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Introducing The Edge PowerTM, the most effective baseball and football training device available anywhere. *for ages 13 and up

In baseball, increased power means hitting harder and throwing faster - this is what we all strive for and train for.

The Edge PowerTM is designed to elevate your training to the next level. It is the only adjustable weighted training glove on the market with proven results.

A variable-weighted glove, it comes fitted with 12 ounces of weight per hand. The weight can be increased from 2 ounces up to a pound by 2 ounce increments. Additional weight packs can be ordered to reach the maximum weight of 1 pound per hand.

The Edge PowerTM was first developed to strengthen a third basemanís arm to increase the velocity of the throw, and it worked! Shortly after it was introduced it was tried as a training device to increase hand speed for batting. Again, it worked, and it continues to work over and over again.

The Edge PowerTM helps strengthen every muscle used in the throwing motion. Every player from Little League to professional can benefit from The Edge. It is great for stretching, warming up and practicing. This is the only training device that strengthens while the wearer is doing nothing more than throwing. It's that easy! Not only does it increase velocity, it also helps to reduce chance of  injury.

THROWING: Whether you pitch, catch, play the infield or outfield a strong throwing arm is important. What if you could increase the speed of your pitch or just throw the ball with greater velocity? You can! *for ages 13 an up

HITTING: The Edge PowerTM definitely increases power in hitting. The Edge can be worn during warm-up, in the batting cage and during batting practice. It is no secret that bat speed is a vital part of power hitting and The Edge works to increase bat speed. By wearing The Edge on a regular basis, swinging the applied weight helps strengthen all the muscles used throughout the entire swinging motion. This is known as functional strengthening through functional exercise. This not only works for the major muscles, but also the minor muscles, which help with control. 

*The Edge Power glove is not recommended for players under 13 years old.  The smallest size available is Adult small.

*Inspect the weight pockets before each use to check for holes or tears.  Discontinue use if you notice any type of hole or tear in any weight pocket. Contains lead weights, proper care and use required.


DURA-TACK Leather palm for a secure grip!!

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MEDICAL STUDY ON WHY IT WORKS!!!! (read below)

***Complete Training Program (click here)***

Functional Overload of the Throwing Arm: Biomechanical Testing and Clinical Trials of a Weighted Glove *for ages 12 an up

By James G. Richards, Ph.D,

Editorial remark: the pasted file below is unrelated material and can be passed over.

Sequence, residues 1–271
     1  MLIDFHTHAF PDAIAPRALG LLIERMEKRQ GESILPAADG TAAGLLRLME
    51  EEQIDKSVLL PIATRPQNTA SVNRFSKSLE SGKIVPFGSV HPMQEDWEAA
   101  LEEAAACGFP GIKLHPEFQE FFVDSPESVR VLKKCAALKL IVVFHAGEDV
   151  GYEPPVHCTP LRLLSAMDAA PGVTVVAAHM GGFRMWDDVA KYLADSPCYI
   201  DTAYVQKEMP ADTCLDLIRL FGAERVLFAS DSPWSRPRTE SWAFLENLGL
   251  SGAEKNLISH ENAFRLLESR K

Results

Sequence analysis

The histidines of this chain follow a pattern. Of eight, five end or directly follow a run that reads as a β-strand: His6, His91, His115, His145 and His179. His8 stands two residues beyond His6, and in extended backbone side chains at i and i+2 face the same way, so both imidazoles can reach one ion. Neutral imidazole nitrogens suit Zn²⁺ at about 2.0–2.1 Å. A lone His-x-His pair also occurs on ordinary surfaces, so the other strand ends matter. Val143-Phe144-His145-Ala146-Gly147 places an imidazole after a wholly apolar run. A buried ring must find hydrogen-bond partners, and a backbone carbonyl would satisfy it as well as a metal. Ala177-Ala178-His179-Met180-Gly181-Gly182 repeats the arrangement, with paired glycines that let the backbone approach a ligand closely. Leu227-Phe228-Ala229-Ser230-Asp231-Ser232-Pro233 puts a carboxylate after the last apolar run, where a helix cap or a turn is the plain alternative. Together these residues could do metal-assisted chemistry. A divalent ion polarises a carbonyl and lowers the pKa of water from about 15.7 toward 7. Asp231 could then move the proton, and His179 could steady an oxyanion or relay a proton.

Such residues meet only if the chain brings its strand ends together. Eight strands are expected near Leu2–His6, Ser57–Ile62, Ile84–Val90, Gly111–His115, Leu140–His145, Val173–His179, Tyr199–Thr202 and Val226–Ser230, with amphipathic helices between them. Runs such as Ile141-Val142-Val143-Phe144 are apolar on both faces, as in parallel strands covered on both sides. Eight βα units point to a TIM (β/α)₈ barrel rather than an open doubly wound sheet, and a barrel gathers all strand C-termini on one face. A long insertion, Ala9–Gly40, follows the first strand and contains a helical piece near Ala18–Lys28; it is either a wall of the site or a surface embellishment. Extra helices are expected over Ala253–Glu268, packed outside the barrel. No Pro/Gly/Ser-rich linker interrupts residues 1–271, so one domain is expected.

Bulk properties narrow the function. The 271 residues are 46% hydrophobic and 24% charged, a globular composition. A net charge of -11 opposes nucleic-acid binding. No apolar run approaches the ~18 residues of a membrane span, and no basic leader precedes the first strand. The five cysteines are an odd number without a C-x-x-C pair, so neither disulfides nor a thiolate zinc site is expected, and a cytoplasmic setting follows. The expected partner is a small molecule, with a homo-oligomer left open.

Patrick W. Castagno, M.S., and
Michael J. Axe, M.D.

INTRODUCTION

Organized baseball at all levels has begun to emphasize off season strengthening and conditioning in an effort to decrease the incidence of rotator cuff damage. Current programs generally employ gym and rehabilitation equipment. Exercises using weights and pulleys do not simulate functional throwing speeds of shoulder rotation which exceed 4,000 degrees per second. In 1992, we developed and tested a weighted, fingerless, Iycra glove for use during indoor throwing. It was tested for safety and effectiveness over the next two collegiate baseball seasons.

METHODS

A two-phase safety study and a two phase training study were conducted from 1992 -1994. All players volunteered and gave informed consent Coaches were contacted at the completion of the following baseball season to assess incidence of injury.

Safety Phase I -Mechanics:
Nine pitchers had retro reflective markers placed in 14 anatomic locations shown in Figure 1. All pitches were thrown from an indoor mound 63 feet away from the catcher. Two conditions were tested loaded (with the seven once Iycra glove) and unloaded. All pitchers threw five fastballs. Glove testing was in randomized testing order. Video data were collected using four NAC. cameras at an equivalent frame rate of 200 frames per second. The video data were converted to three-dimensional data points using Motion Analysis ExpertVision software. Data were then reduced to yield: 1) Stride length; 2) Stride direction; 3) Distance from stride foot to midline; 4) Lateral trunk lean (at release); 5) Ball velocity; 6) Release point relative to the front foot; 7) Elbow kinematics/kinetic time plots; 8) Shoulder kinematics/kinetic time plots.

Safety Phase II - Fatigue:
Five pitchers threw three. 20 pitch intervals with four minutes rest between intervals in the loaded and unloaded conditions Marker placement and video analysis were identical to the Safety Phase I Study.

Training Phase I - Seven Ounce:
Eighteen collegiate pitchers were involved in an off-season program. Each pitcher threw a simulated game consisting of four, 20 pitch innings with four minutes rest between innings. Athletes were then assigned to either the glove (7 ounce Iycra glove) or control group by randomized block design with velocity as the blocking factor. They then completed an eight week throwing program. (Table 1) Post- testing was identical to pre-testing Video data were collected from the first pitch of the simulated game and the last pitch of each inning at both testing sessions. Velocity data were collected for each pitch using a calibrated Decatur radar gun. Pre and post-test motion analysis was performed similar to those used in the Safety Studies.

Training Phase II - 0.035% Bodv Weight IUc to 11 Ounces):
Fifteen collegiate pitchers with a mean weight of 864kg were randomly assigned to a loaded or unloaded group as described above. Loading (glove weight) in this study was 0.035% body weight which was determined from a pilot study and represents mean mechanical breakdown minus two ounces. Phase II was conducted identically to Phase I with glove vs. control at 8:7. Phase II throwing program was similar in pitches to Phase I, but was extended to 10 weeks. Pre-testing post-testing were identical to Phase I.